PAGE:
Commissioners decline referendum application
May 21, 2019 | 2824 views | 0 0 comments | 205 205 recommendations | email to a friend | print
by Bill Boyle, Editor

San Juan County Commissioners met for four hours on May 21 with a full agenda and 95 pages of supporting documents.

The meeting proceeded slowly but smoothly, for the most part. As has been the case in recent months, the public comment portion of the meeting was an indication of the turmoil felt by many county residents.

The Commission ruled, with a 2-1 vote, that a referendum application submitted by a group of citizens was not referable to voters.

The referendum was filed on May 7 by the group, who were challenging one of the resolutions that was passed by the Commission. The Commission needed to act by May 27 or the application would go to the voters.

Without addressing the content of the resolution, County Attorney Kendall Laws suggested that the resolution being challenged was an administrative action of the Commission and, as a result, the application was not referable to voters.

The vote was 2-1, with Bruce Adams objecting.

In other matters, Commissioners formally approved a contract to hire David Everitt as the County Administrator on an interim basis. The action had also been taken at the May 7 Commission meeting, but it had not been listed on the agenda in violation of the Open Meetings Law.

Commissioners unanimously approved a temporary moratorium of new permits for commercial properties along Highway 191 in Spanish Valley.

San Juan County Clerk John David Nielson and Lauren Bernally, of the Navajo Nation Human Rights Commission, had a settlement agreement for the mail-in ballot lawsuit.

Bernally said that the settlement outlines the logistics and activities that must be followed for San Juan County elections to “ensure that Navajo voters have equal protection under the law.”

Polling sites will be located at Montezuma Creek, Navajo Mountain, and Oljato and satellite offices will open 28 days prior to primary or general elections in Aneth, Bluff, and Montezuma Creek.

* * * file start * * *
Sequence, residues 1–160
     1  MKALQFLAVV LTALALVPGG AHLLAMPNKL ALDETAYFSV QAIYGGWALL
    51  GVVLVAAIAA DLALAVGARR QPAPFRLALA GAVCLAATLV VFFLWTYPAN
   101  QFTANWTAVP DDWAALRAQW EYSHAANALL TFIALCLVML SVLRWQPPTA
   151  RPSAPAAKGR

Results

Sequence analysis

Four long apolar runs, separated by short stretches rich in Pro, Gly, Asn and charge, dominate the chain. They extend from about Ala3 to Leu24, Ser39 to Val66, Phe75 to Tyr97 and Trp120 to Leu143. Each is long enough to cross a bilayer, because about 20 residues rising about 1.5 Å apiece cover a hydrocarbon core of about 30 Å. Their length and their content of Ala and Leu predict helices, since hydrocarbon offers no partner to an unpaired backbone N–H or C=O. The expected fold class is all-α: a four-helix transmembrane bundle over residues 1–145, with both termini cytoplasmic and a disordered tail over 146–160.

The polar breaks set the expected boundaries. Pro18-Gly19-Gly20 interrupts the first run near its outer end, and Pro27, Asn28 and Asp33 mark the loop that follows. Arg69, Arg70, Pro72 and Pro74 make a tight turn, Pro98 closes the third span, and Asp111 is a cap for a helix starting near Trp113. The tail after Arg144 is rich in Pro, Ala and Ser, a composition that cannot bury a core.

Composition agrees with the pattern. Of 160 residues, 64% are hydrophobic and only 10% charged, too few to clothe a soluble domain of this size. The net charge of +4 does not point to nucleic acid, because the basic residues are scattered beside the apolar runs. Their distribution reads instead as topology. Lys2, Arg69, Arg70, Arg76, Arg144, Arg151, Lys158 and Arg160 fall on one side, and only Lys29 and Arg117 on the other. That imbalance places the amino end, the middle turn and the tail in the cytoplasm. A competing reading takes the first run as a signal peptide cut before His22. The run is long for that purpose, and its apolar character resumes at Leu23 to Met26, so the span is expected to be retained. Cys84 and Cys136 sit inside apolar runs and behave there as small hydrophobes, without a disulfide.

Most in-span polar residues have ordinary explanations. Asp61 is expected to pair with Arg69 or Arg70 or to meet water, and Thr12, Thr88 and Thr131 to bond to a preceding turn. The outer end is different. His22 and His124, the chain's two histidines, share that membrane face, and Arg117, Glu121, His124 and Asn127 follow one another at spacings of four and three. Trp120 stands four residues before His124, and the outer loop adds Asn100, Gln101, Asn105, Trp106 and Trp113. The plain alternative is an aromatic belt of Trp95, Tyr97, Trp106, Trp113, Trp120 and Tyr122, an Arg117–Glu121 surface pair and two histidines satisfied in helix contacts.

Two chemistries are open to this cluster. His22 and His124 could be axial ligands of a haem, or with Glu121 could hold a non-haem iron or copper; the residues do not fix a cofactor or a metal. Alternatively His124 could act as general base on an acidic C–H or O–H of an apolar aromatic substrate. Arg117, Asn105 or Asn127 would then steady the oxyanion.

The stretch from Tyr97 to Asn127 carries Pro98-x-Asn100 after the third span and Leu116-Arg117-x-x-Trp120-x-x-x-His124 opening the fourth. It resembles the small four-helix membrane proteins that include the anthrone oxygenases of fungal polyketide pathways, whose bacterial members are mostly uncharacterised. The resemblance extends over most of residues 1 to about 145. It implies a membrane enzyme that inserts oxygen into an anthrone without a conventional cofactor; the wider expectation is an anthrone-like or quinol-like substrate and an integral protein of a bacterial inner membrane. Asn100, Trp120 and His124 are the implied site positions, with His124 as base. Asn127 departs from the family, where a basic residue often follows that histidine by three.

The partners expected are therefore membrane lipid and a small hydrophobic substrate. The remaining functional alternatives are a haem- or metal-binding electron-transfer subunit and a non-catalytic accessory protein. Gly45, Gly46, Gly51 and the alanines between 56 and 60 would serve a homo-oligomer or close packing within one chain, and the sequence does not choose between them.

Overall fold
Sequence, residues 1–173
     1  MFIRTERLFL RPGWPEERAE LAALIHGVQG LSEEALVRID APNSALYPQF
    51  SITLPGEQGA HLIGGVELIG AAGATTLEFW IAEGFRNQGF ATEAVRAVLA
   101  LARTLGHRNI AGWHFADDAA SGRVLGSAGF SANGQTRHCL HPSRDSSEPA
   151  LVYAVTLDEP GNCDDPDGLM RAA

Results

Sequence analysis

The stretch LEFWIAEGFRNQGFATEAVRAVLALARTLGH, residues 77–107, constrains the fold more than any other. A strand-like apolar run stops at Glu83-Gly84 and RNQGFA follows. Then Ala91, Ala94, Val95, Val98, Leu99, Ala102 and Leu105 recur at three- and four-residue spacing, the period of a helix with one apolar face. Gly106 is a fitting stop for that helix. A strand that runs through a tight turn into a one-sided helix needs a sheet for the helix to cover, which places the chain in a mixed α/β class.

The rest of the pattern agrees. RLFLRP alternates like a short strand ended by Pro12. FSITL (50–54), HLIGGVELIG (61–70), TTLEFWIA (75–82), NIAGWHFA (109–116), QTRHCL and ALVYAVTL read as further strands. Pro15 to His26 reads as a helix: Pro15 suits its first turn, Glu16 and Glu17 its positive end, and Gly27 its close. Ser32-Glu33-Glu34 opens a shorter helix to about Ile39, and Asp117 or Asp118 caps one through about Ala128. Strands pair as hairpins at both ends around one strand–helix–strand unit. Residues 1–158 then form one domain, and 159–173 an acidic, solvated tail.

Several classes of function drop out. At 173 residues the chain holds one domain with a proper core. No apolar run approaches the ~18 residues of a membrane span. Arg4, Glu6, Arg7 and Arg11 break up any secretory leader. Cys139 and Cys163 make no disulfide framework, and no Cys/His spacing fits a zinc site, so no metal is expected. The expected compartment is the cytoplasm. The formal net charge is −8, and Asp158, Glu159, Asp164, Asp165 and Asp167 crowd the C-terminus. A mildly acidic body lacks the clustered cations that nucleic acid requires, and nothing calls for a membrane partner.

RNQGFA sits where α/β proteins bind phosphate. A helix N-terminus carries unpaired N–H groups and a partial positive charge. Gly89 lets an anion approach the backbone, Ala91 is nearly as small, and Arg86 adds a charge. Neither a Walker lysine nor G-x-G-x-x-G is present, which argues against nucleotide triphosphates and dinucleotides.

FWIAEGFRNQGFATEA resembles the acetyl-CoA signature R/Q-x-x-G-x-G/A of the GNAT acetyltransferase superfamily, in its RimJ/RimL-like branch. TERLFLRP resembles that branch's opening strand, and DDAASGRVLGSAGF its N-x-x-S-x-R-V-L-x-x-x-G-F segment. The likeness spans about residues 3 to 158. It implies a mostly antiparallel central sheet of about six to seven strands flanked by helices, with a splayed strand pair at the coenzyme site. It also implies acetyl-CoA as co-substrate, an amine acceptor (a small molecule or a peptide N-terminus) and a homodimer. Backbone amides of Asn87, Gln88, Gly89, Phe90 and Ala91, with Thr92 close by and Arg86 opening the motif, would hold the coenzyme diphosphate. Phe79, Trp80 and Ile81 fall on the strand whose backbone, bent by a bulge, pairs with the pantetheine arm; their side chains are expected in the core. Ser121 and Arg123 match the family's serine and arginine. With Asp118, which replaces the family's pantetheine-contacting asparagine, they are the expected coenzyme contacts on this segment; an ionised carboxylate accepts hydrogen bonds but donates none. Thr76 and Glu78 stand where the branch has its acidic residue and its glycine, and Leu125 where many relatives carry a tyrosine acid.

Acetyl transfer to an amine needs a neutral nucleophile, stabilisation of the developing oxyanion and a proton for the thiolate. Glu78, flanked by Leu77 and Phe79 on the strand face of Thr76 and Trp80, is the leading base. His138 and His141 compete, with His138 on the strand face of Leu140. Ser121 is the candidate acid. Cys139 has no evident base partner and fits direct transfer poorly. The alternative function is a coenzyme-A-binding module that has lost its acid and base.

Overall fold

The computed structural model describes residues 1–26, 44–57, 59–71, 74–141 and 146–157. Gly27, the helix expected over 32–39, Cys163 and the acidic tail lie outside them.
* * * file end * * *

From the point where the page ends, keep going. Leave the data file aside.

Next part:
David Everitt outlined six goals for his work as the interim county administrator.

He said the highest priority is the hiring process for the next administrator.

Everitt asked if the county should move ahead with codifying county ordinances and policy.

County Attorney Kendall Laws said the process to codify ordinances was started and never completed. In fact, half of the effort was paid 12 years ago but was never finished.

Commissioners agreed codes should be accessible to the county and public.

The Commission will meet with the Grand County Council, tentatively on June 10 at 10 a.m.

Everitt introduced a draft document to establish the policies and procedures for the Commission.

The document contains 18 pages of information and includes the expectations of various officials, governs interactions with other elected officials and the public, addresses decorum, outlines the process of developing agendas, addresses the review process, states how meetings are to be conducted, suggests use of a consent agenda, and outlines conflict of interest guidelines.

The Commission addressed a number of concerns and questions with the proposed policies, including questions about apparent internal inconsistencies, and the impact of state law.

The meeting extended far beyond the San Juan Record print deadline. Check our website, www.sjrnews.com, for updates and more info.
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